(L-R) Garrett Hedlund and Hugh Jackman responding to The Film Strip question at the Conrad hotel in New York City.

(L-R) Garrett Hedlund and Hugh Jackman responding to The Film Strip question at the Conrad hotel in New York City.

*Hugh Jackman, as you have never seen him before, is Blackbeard in PAN, a precursor to all tales Peter Pan.

From director Joe Wright, PAN is a live-action feature film that presents an original adventure about the beginnings of the beloved characters created by J.M. Barrie. Michael Jackson, a big fan of Peter Pan, was scheduled to star in Steven Spielberg’s 1991 “Hook,” but bailed out because of creative differences.

Always fascinated by Peter Pan, Jackson named his ranch Neverland. “Hook” by no means was the first screen’s interpretation of the Peter Pan story. That being said, The Film Strip asked Jackson did he feel any pressure revisiting this iconic character? “It didn’t feel as pressured as a lot of these big movies usually do. And of course there’s pressure, we’re all runners, even Levi (Peter Pan); we all understand. It’s a lot of money; it’s a beloved story. Joe (Wright) just shouldered all that to leave us crew and actors to feel free to play.”

He went on to say newcomer Levi Miller was phenomenal. “The other thing I want to mention is Levi because he’s amazing. It’s his first film, and if there’s ever going to be pressure, imagine doing your first film and walking into that; the biggest set that had ever been built in England. It was massive. But with Joe at the helm and Levi it was fun. It was make believe, and it felt like that. You couldn’t act opposite Levi without being infected with that sense of ‘can you believe we’re getting to do this?’ It was a sense of joy. That’s what it was. I really take my hat off to those two, particularly Joe.”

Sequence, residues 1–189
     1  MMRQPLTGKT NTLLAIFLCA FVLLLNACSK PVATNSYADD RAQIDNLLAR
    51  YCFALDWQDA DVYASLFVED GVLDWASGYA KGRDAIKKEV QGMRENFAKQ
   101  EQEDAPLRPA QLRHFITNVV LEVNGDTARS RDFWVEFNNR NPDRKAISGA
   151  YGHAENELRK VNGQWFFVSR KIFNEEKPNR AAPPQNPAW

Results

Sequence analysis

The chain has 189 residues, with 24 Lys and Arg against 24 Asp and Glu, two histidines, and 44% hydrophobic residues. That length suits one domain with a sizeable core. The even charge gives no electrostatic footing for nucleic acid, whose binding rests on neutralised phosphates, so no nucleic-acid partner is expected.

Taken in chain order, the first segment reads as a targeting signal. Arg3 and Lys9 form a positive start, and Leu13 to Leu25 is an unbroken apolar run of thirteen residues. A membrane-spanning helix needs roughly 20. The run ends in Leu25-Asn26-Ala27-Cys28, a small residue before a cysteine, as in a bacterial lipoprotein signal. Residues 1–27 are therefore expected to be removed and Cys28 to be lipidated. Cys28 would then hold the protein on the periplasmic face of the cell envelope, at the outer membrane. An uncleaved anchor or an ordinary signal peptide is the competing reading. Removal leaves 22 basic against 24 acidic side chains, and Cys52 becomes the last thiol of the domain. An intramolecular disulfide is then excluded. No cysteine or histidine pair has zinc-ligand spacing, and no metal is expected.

Hugh Jackman as Blackbeard and Nonso Anozie as Bishop.

Hugh Jackman as Blackbeard and Nonso Anozie  (right)  as Bishop.

An essential part of the Peter Pan fable is Captain Hook. Garrett Hedlund (Hook) was posed the same question about being under pressure. “I never foresaw myself being in a film like this until I met with Joe,” he told me. “Some of the material focused on the evil side of Hook that everyone knows and loves and it was quite dark material, but Joe would ask me to be goofier with it and do a maniacal giggle.

“You always feel like people are watching you all the time, so you try to hold back and resist, but Joe wanted the exact opposite, and I hadn’t really done a film like that before. To always be asked to be bigger and larger than life, after each take of exercising these aspects we’d just die laughing in the room together. You do these darker films and you’re sitting in the trailer and you’re stressed, you’re not eating, you’re not sleeping. Why not have an experience where you film a movie and you have fun? Our souls need that. It was refreshing, and I never had that before.

“We’d have these long days and there are these massive sets where they made a zeppelin. You saw all these kids and their faces light up when they’re on set and 200 extras dressed up as natives come onto the set and make it their home and you see them loosening up and Joe would play music between takes. Everyone loosened up and then there’d be 300 people dancing in the native village between takes. This is what we do this for.”

PAN opens October 9, 2015.

Syndicated Entertainment journalist Marie Moore reports on film and TV from her New York City base. Contact her at [email protected]